On Oct. 13, 1792, the White House cornerstone was laid.
How many students learn in textbooks or tours to D.C. that while the Obamas were the first African American “First Family,” they were not the first African American residents of the White House?
Clarence Lusane’s The Black History of the White House shares the untold stories of some of the people who were enslaved by U.S. presidents, including stories of resistance and escape.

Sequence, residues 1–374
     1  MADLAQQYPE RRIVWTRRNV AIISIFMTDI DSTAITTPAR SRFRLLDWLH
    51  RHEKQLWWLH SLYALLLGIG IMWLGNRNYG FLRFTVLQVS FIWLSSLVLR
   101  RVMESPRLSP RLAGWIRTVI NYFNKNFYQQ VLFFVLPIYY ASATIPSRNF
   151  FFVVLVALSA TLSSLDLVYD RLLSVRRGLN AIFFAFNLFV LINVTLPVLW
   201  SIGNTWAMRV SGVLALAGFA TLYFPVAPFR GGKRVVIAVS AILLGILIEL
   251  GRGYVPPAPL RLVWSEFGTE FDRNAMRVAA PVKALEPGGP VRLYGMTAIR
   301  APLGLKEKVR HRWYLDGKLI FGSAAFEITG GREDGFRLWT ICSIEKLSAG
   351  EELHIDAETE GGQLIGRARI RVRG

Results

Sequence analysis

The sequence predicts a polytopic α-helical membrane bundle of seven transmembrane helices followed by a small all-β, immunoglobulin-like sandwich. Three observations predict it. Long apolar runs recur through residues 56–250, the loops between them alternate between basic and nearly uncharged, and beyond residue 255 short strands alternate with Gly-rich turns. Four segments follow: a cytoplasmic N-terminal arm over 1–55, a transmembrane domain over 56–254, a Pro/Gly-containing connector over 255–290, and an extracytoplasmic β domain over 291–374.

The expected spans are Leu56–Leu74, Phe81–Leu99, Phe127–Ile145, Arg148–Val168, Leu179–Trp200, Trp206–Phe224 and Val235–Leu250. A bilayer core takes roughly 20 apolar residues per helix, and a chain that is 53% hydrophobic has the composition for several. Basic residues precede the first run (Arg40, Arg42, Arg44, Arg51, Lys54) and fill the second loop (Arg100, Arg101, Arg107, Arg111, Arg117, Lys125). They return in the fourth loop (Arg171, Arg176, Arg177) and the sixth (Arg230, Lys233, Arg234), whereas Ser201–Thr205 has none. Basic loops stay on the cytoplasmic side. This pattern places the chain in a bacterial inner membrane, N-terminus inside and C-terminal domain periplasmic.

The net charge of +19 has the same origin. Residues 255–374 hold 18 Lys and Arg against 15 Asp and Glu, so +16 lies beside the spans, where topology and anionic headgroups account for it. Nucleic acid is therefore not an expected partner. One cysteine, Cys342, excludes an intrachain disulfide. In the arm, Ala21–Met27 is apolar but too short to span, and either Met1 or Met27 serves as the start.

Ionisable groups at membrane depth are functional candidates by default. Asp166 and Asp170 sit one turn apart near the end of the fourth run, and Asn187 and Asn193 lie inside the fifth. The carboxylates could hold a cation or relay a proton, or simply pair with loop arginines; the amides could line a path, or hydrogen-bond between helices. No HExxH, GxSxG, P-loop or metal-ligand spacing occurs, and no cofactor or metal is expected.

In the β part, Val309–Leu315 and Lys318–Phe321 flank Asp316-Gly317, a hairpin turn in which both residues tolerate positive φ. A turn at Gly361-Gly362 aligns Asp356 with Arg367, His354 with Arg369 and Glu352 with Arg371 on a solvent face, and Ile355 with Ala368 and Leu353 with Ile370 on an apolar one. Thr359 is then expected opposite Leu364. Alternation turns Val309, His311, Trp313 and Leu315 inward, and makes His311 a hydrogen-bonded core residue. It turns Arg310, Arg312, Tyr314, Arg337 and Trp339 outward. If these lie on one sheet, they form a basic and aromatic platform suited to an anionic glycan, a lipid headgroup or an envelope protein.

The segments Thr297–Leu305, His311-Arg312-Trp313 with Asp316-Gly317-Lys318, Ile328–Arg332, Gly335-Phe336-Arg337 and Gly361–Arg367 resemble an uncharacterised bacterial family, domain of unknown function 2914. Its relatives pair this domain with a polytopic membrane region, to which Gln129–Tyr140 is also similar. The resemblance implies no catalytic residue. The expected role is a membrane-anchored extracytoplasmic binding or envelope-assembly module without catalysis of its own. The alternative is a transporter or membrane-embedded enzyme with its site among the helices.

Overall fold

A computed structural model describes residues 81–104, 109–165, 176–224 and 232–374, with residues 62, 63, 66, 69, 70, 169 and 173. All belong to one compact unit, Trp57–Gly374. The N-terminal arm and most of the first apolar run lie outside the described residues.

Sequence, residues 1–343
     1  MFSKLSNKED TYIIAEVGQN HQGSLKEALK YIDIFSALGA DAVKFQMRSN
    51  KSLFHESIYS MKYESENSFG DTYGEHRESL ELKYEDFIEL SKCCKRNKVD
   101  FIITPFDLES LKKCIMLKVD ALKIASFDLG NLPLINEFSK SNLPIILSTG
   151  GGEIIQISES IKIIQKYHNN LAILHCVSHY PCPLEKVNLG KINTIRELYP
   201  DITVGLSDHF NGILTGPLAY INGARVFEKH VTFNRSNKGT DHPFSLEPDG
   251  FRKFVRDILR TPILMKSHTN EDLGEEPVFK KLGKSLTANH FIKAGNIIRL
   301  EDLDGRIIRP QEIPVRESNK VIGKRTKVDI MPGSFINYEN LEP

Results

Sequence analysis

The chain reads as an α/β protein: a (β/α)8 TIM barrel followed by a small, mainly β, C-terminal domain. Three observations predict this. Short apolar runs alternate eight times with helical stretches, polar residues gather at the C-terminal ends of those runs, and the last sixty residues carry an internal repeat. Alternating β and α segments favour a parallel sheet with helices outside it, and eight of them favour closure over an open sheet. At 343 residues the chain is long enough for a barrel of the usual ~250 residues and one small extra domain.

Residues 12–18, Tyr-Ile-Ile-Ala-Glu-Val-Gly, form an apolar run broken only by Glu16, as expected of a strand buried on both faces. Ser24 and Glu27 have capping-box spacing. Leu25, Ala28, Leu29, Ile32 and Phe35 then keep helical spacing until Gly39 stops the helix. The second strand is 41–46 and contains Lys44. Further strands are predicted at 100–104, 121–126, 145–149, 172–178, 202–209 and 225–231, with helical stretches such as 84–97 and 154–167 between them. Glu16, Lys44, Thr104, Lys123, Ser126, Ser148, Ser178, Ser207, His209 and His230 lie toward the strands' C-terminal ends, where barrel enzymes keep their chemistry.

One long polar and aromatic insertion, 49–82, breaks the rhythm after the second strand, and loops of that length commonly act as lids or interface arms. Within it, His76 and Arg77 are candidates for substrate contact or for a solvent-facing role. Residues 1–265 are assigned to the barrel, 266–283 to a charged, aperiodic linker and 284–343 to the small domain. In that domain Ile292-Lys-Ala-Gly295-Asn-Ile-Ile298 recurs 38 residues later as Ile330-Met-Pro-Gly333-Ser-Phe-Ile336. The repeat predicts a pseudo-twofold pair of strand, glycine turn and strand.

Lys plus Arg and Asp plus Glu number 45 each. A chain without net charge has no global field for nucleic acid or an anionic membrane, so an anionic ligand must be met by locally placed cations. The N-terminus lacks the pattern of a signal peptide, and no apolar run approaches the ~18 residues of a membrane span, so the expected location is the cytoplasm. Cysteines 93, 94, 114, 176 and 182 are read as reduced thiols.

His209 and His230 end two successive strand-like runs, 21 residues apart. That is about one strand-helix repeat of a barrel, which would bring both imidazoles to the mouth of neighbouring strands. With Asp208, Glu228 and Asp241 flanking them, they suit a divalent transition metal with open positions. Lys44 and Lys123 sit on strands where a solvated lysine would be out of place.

Lusane describes the myriad ways that the White House and the lives of African Americans have been intertwined throughout U.S. history, from the building of the White House to the present day.
Enslaved laborers were likely involved in all aspects of White House “construction, including carpentry, masonry, carting, rafting, plastering, glazing and painting, . . .and shouldered alone the grueling work of sawing logs and stones.” Read more.
Learn more from Lusane’s article “Missing from Presidents’ Day: The People They Enslaved.”